delinquent and make up his mind on proof of the charge

or the nature of the penalty. The supply of the copy of

the report is thus, a sine qua non for a valid, fair, just

and proper procedure to defend the delinquent himself

effectively and efficaciously. The denial thereof is

offending not only Art.311(2) but also violates Arts. 14

and 21 of the Constitution. {Para 7}

8. The argument on the side of the Government before the

Tribunal that there is no specific rule in the Kerala Police

Departmental Inquiries, Punishment and Appeal Rules to give enquiry report at the stage of drawing up of the same to the delinquent cannot be accepted at all. The right to receive the report is considered as the essential part of reasonable opportunity to be extended to the person affected by the report and a refusal to furnish the report amounts to denial of the right to defend himself and to prove his innocence in the disciplinary proceedings. Even if such right is not explicitly stated in the regulations or statute, that right being a fundamental and essential part of the natural justice, must be read into every regulation or rules. There is nothing in the rules aforesaid

which excludes the operation of the principle of natural justice

entitling the delinquent to be served with a copy of the enquiry

report before accepting the report or proposing a punishment. It is trite that the principles of natural justice must be read into the

unoccupied interstices of the statute/rules or regulations unless there is a clear mandate to the contrary.

IN THE HIGH COURT OF KERALA AT ERNAKULAM

OP (KAT) No. 130 of 2022

JAYACHANDRAN V  Vs STATE OF KERALA

PRESENT

 MR. JUSTICE A.K.JAYASANKARAN NAMBIAR

&

MR.JUSTICE MOHAMMED NIAS C.P.

Author: Mohammed Nias.C.P., J.

Dated: 16th day of June, 2022

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Saturday, 25 June 2022

Can the court recall the prosecution witness if he has given a different statement in another case?

Code of Criminal Procedure 1973; Section 311 - Merely because a different statement given by the same prosecution witness in another case that itself would not be a reason for recalling the witness.

IN THE SUPREME COURT OF INDIA 

Coram: C.T. RAVIKUMAR; SUDHANSHU DHULIA, JJ.

 Special Leave to Appeal (Crl.) No(s). 5647/2022;

Dated: 21-06-2022 

SAUD FAISAL Vs STATE OF UTTAR PRADESH & ANR.


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Can the court strike off the defence for non-compliance of the order of payment of pendente lite maintenance?

 Section 28(2) of the DV Act provides that the court can

formulate its own procedure for disposal of an application under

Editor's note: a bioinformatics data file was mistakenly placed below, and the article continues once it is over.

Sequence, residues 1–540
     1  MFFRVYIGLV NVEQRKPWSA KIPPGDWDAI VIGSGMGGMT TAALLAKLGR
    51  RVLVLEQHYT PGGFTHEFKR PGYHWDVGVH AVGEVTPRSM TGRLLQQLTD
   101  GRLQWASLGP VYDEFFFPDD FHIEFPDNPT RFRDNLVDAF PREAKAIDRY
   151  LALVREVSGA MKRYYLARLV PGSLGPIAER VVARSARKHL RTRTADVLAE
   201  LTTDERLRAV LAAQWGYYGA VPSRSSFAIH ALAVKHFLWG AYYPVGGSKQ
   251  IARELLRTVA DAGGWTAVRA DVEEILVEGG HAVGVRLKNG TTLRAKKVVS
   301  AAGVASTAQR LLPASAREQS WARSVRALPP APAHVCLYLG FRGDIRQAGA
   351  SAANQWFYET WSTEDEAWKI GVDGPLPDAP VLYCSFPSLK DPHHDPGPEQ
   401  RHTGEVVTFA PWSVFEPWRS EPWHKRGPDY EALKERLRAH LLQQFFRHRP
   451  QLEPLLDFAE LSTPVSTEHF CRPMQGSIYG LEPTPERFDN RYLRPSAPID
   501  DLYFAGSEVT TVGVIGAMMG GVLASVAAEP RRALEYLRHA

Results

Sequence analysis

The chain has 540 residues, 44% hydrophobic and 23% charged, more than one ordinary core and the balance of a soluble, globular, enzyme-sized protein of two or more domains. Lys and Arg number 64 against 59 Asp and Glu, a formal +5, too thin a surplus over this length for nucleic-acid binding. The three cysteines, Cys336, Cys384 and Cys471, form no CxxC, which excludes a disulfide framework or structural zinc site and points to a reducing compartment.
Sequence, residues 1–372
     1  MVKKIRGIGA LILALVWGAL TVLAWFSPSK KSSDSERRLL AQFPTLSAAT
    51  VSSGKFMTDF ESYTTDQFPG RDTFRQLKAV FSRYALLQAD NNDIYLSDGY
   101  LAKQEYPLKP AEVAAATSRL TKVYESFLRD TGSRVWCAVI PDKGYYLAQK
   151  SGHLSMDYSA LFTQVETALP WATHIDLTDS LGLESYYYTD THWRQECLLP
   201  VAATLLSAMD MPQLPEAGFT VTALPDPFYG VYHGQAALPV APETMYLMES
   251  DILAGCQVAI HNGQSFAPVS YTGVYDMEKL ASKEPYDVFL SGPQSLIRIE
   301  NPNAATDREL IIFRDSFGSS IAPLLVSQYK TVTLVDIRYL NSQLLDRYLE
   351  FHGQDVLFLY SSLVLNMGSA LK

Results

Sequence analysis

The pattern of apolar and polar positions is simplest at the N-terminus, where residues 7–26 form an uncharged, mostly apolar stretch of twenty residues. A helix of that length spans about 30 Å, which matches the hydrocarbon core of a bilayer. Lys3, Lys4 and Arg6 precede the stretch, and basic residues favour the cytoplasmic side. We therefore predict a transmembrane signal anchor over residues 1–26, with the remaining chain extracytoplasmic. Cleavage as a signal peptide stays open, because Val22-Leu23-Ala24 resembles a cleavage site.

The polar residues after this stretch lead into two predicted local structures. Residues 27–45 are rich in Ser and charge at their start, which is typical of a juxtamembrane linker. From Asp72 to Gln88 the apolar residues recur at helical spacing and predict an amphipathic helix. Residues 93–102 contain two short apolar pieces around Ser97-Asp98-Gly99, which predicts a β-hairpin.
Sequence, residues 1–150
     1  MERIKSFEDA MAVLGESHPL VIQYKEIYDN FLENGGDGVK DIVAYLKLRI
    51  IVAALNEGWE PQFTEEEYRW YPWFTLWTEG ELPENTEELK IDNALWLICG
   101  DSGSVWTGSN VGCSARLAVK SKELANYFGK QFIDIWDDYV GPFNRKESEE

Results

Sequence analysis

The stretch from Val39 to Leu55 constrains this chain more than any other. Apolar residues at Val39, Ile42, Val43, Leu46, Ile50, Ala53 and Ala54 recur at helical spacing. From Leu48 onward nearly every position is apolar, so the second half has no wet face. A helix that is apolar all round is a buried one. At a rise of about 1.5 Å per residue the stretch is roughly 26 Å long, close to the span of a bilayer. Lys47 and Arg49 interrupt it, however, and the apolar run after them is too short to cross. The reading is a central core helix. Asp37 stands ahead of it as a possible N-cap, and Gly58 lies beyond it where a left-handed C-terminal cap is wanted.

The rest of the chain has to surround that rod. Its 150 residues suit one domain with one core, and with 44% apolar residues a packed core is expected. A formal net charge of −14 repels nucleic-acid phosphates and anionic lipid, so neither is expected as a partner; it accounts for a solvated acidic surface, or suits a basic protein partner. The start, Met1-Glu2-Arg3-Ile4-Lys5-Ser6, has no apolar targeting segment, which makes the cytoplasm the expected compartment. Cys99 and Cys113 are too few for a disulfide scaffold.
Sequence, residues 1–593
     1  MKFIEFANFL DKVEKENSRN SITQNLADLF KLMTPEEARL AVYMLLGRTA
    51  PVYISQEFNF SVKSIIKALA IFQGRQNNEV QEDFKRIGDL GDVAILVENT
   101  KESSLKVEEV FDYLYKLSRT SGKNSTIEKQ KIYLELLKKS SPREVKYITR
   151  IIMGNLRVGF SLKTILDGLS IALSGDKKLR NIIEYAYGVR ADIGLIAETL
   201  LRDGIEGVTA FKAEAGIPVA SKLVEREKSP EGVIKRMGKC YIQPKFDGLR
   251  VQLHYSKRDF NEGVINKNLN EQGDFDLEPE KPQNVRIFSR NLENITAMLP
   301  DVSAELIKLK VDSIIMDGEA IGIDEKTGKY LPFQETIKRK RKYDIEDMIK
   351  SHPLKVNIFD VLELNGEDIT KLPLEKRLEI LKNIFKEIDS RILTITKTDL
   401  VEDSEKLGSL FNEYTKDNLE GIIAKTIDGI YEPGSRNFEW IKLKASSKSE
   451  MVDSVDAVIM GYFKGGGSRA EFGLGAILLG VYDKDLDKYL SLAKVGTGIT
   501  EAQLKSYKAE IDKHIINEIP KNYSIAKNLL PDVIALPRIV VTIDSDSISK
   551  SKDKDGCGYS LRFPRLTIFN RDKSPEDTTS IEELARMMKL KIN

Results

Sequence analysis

Sections 12 or 23(2) of the DV Act. The flexibility has been given

to the court as the proceedings under Sections 12 and 18 to 23

provide civil remedies whereas S.31 provides a criminal offence.

The Apex Court in Kunapareddy (supra) considered the nature

of proceedings under the DV Act and held that S.28(2) empowers

the court to lay down its own procedure and the Magistrate

dealing with the DV Act is empowered to allow the amendment of the application. Thus, it is clear that even though S.28(1) of the

DV Act provides that all proceedings under Ss.12 and 18 to 23

and for the offence under Section 31 shall be governed by the

provisions of Cr.P.C., the court can still lay down its own

procedure while dealing with the applications under sub-section

(1) of Section 12 or while considering the grant of interim or ex

parte ad interim relief orders under sub-section (2) of Section 23.

In view of the nature of the proceedings under the DV Act and the procedural flexibility provided under sub-section (2) of Section 28 in deciding the applications under Sections 12 or 23(2), it cannot be said that Court is bound to strictly abide by the provisions of Cr.P.C in all cases. In appropriate cases, it would be open to the court to formulate its own procedure as may be found necessary in the interest of justice, in which event, the court may not have to rely upon Cr.P.C. Thus, the court below went wrong in holding that it has no power to strike off the defence for the reason that the procedure to be followed in the proceedings under Sections 12 and 18 to 23 is that provided under Cr.P.C. {Para 11}

12. The Apex Court in Rajnesh v. Neha and Another

(2020 (6) KHC 1) referring to the judgments of the High Court on the point upheld the power of the court to strike off the defence if

there was non-compliance with the order of payment of

maintenance. It was, however, held that striking off the defence

is an order which ought to be passed in the last resort, if the

court finds default to be wilful and contumacious, particularly to a

dependent unemployed wife and minor child. The Division Bench

of this Court recently in Shyju v. Nadeera (2021(5) KLT 693) has

held that the Family Court can strike off the defence on failure to

pay interim maintenance ordered by the court where the default

is found to be wilful. For all these reasons, I hold that in a

proceeding under the DV Act, the defence can be struck off for

non-compliance with an order of payment of pendente lite

maintenance if the default is found to be deliberate and wilful.

However, such an order ought to be passed only as a last resort

as held in Rajnesh (supra).

 IN THE HIGH COURT OF KERALA AT ERNAKULAM

PRESENT

 DR. JUSTICE KAUSER EDAPPAGATH

 OP(CRL.) NO. 226 OF 2022

NEETHU Vs  TRIJO JOSEPH, 

Dated this the 16th day of June, 2022